These sources would need to be changed for Google to “get it right”. There may be other sources but a creative search of Google should turn those up. I would suggest your prioritize your “cleansing” efforts by the list above. In this particular case, I found 62 web references to the wrong address. I do not think that all need to be changed.

Clearly Google could simplify this correction process in a number of ways. They could simply prioritize Local Business Center data when they have it. Barring that choice, they could provide details as to the sources of their data so that it could be purged more easily from the index.

The current system of begging in the Groups is obviously an inadequate response to a problem that from the SMB’s perspective is pressing. It is particularly so when customers end up at the wrong address due to the erroneous Plus Box. In these cases the business complaint should be addressed immediately and the business treated as a partner that helps Google generate accurate data.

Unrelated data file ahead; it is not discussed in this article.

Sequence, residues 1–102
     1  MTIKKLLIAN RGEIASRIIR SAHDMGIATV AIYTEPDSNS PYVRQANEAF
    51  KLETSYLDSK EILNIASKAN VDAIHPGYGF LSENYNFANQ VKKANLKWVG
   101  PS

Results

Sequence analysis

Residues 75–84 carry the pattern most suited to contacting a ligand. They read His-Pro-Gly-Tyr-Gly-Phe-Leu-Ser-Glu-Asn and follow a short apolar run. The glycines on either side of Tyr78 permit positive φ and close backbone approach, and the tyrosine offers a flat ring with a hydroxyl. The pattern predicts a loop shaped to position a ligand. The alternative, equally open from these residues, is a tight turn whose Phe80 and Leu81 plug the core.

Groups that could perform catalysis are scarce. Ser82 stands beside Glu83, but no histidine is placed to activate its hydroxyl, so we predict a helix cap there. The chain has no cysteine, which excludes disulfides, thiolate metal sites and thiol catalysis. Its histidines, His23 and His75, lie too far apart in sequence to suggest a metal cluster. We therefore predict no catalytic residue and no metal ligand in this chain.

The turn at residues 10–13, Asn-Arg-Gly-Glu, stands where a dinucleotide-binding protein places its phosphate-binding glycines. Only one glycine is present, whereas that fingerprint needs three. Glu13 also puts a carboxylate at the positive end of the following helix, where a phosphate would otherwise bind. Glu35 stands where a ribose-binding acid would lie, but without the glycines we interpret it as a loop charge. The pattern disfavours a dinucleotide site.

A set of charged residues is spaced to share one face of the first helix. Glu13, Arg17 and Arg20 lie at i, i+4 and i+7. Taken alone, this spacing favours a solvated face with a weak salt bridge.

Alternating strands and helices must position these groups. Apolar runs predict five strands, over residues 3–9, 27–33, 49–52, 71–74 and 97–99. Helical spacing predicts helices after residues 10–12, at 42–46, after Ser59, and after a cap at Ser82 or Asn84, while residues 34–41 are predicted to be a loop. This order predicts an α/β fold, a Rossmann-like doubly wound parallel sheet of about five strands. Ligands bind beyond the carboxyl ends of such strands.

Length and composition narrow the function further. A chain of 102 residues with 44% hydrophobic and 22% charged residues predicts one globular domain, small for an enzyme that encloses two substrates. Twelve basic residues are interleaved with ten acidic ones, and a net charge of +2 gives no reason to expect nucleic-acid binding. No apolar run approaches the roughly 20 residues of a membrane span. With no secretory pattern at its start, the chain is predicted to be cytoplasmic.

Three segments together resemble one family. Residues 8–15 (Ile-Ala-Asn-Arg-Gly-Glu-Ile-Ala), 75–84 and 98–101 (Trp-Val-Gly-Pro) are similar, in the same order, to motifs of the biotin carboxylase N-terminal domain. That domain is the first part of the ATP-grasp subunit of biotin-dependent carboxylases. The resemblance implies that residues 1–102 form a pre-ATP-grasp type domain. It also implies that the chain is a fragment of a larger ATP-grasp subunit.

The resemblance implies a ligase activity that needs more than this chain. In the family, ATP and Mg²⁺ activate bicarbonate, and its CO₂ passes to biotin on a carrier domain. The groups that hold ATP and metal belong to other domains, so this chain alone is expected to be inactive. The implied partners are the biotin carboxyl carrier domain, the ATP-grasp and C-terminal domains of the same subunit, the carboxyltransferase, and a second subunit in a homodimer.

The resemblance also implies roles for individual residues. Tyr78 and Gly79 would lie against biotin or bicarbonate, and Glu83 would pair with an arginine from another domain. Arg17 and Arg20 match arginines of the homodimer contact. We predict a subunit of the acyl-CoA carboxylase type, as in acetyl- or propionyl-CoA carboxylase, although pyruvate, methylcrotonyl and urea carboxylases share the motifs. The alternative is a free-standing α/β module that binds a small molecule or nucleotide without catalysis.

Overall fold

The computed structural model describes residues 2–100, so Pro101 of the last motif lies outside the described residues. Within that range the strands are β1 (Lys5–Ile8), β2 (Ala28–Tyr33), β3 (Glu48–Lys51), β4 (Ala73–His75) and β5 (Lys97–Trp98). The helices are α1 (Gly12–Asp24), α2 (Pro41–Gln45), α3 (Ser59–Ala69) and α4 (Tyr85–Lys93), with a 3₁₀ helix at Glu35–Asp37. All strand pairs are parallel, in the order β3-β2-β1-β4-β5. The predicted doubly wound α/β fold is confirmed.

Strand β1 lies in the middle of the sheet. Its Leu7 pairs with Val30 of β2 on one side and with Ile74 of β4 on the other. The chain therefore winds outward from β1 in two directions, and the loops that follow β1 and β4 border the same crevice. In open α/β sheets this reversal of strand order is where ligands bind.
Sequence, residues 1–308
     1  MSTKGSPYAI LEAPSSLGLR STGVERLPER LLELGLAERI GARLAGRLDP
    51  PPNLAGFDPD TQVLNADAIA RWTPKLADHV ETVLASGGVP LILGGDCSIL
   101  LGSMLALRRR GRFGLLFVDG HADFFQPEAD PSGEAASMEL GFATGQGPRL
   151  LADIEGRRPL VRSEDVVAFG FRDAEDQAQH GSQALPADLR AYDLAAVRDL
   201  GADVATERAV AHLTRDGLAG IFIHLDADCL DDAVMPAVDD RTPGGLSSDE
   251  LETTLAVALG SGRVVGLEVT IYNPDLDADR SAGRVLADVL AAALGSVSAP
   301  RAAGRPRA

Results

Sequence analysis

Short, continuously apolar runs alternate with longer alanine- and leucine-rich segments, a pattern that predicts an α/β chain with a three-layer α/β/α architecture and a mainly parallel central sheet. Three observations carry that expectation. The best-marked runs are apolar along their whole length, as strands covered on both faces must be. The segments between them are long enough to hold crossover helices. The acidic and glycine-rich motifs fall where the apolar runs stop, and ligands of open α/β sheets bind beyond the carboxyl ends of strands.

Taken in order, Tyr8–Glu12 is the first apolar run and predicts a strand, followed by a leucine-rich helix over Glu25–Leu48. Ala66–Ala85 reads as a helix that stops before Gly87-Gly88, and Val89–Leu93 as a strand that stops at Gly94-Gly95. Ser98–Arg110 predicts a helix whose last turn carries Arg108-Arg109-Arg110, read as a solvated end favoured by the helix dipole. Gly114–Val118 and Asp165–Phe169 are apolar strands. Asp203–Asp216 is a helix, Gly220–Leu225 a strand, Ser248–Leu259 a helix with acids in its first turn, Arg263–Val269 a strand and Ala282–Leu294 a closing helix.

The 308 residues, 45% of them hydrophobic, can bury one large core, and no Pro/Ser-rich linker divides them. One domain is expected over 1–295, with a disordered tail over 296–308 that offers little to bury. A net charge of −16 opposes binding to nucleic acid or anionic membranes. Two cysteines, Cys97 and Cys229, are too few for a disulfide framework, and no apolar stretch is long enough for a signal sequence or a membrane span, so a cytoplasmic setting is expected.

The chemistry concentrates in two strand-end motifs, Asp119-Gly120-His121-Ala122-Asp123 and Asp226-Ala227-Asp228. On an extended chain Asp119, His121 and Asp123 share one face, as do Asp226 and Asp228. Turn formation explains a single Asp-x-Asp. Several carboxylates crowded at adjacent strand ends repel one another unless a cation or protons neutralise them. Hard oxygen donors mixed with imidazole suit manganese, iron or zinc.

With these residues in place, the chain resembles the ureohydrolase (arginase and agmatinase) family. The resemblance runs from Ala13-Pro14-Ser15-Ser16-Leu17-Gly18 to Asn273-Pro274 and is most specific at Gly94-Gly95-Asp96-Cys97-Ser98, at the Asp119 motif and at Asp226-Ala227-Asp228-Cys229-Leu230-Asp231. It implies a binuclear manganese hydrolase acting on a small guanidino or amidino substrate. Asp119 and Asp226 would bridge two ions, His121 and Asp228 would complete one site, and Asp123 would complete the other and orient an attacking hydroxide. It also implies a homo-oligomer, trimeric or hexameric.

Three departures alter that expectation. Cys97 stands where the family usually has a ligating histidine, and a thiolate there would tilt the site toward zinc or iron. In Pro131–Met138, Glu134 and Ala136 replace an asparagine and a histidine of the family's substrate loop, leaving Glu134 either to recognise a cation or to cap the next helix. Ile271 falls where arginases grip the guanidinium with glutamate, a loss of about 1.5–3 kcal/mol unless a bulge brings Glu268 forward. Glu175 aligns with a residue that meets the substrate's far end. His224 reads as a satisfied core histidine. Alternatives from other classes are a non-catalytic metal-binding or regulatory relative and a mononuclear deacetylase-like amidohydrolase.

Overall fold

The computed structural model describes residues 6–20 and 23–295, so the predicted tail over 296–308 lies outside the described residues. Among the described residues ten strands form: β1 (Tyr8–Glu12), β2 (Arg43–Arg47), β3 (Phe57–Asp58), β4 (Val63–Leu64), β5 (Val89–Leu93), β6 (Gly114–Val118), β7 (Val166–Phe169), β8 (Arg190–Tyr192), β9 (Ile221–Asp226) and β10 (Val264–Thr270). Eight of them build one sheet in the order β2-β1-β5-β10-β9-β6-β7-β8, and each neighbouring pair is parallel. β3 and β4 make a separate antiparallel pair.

Here is the original query from the Maps Group in its entirety and my research and response:
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Local Links of Interest

KML: HTML for the Geoweb – Christopher Schmidt, TechnicalRamblings
KML has become the “HTML” of the Geographic Web. With limited semantic meaning, a combination of mostly-human understandable XML tags for the majority of the usages, widespread use and abuse for purposes far beyond the original thoughts and intentions of the designers, and more, KML fits well into the geographic version of the niche filled by HTML in more generalized content publishing.